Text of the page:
Endometrial Cancer aka Womb Cancer or Uterine Cancer arises in the lining of the uterus (endometrium). It is a result of abnormal growth of cells and these have the ability to spread to other parts of the body. It is the 3rd most common cause of death in Cancers which affect only women. It occurs most commonly after menopause. The first sign most often is vaginal bleeding not associated with a menstrual period. Obesity is a major risk factor, with approximately 40% of cases being related to obesity. Treatments include surgery (which would depend upon the stage of cancer), radiotherapy, chemotherapy, targeted therapy and hormone therapy. Get verified second opinions from OncoConnect’s curated list of international Oncologists.
About Endometrial Cancer
Endometrial cancer is also called as womb cancer or uterine cancer. It arises in the lining of the uterus (endometrium). It is a result of abnormal growth of cells and these have the ability to spread to other parts of the body. It is the third most common cause of death in cancers which affect only women. This cancer is more common in the developed world. Endometrial cancer occurs most commonly after menopause.
The first sign most often is vaginal bleeding not associated with a menstrual period or in women who have stopped having periods (post-menopausal women). Other symptoms include pain with urination, pain during sexual intercourse and pelvic pain.
Obesity is a major risk factor, with approximately 40% of cases being related to obesity. Other risk factors include excessive oestrogen levels, high blood pressure diabetes, history of cancer, PCOS and Hormone Replacement Therapy.
Once endometrial cancer has been diagnosed, doctors will determine the stage of cancer and whether or not it is metastatic; based on which doctors would be able to devise a treatment plan.
Treatments include surgery (which would depend upon the stage of cancer), radiotherapy, chemotherapy, targeted therapy and hormone therapy.
To know more about endometrial cancer you can refer to our Endometrial Cancer Guide
No major professional organisations currently recommend any routine screening of the general public for endometrial cancer.
COMPARE PRICING FOR - Endometrial Cancer
Surgery: It is the main treatment for most endometrial cancers. How much surgery you have depends on how far your cancer has spread and on your general health. Surgery may involve either the total removal of the uterus (abdominal hysterectomy) or removal of the uterus along with the Fallopian tubes and both ovaries (salpingo-oophorectomy). Surgery is either performed as a:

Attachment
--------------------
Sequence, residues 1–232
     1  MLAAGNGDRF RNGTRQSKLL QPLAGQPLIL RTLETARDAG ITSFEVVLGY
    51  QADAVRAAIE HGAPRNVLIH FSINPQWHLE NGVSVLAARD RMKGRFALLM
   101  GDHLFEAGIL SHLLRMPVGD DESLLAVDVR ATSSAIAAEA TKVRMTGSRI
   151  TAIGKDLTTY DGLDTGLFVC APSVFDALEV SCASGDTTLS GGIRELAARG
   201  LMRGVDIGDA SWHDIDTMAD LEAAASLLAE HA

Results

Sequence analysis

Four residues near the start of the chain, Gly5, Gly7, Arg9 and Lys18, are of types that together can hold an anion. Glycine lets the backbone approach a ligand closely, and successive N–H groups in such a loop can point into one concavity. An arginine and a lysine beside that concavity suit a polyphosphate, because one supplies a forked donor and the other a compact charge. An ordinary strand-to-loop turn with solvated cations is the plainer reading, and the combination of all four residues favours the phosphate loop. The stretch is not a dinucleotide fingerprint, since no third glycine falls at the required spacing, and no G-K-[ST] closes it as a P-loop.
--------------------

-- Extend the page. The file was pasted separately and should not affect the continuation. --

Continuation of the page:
- Laparotomy: It is an open abdomen procedure. This is a traditional surgical procedure.
- Laparoscopy: This is also called keyhole surgery. Women with early-stage womb cancer (stage 1 & 2), and some stage 3 cancers may have keyhole surgeries.
- Robotic Surgery: In a few hospitals, the surgeon may use a special machine (robot) to help with laparoscopic surgery. This is also called a robotic surgery pr da Vinci surgery.
Most women only need surgery to treat their endometrial cancer; however other treatments may be needed if the cancer is stage 3 or 4. Treatments after surgery will help to reduce the chances of the cancer coming back.
Chemotherapy: This is given by administrating drugs intravenously (IV), intra-arterially (IA) or via intraperitoneal (IP) injections to destroy cancer cells. This treatment can last up to many weeks.
Radiotherapy: This is performed by directing radiation beams at the targeted area, and like chemotherapy, this treatment usually requires multiple sessions which are performed over a series of weeks.
Targeted Therapy: This is performed by administrating a number of drugs to the patient which will target certain components of the cancer cells.
Treatments are often used in combination with each other, particularly is the cancer is advanced and surgery is being performed. Chemotherapy may often be used before surgery to shrink the tumour or after surgery to destroy any cancer cells that could not be removed during surgery.
You may experience vomiting, nausea, hair loss, fatigue & body pain during treatment. Please do not hesitate to discuss this further with your doctor, for more information on the management of any symptoms.
- Most patients require a post-surgical recovery period of up to 4- 6 weeks. Speak to your surgeon to understand the amount of recovery you would need following your treatment.
- Appropriate rest is also important during this period.
- If there are pain and discomfort then please speak to your doctor for its management.
length of stay
Hospital Stay: 3-7 days for surgery
Total Stay: Depending upon treatment the length of stay can wary from 2 weeks to a few months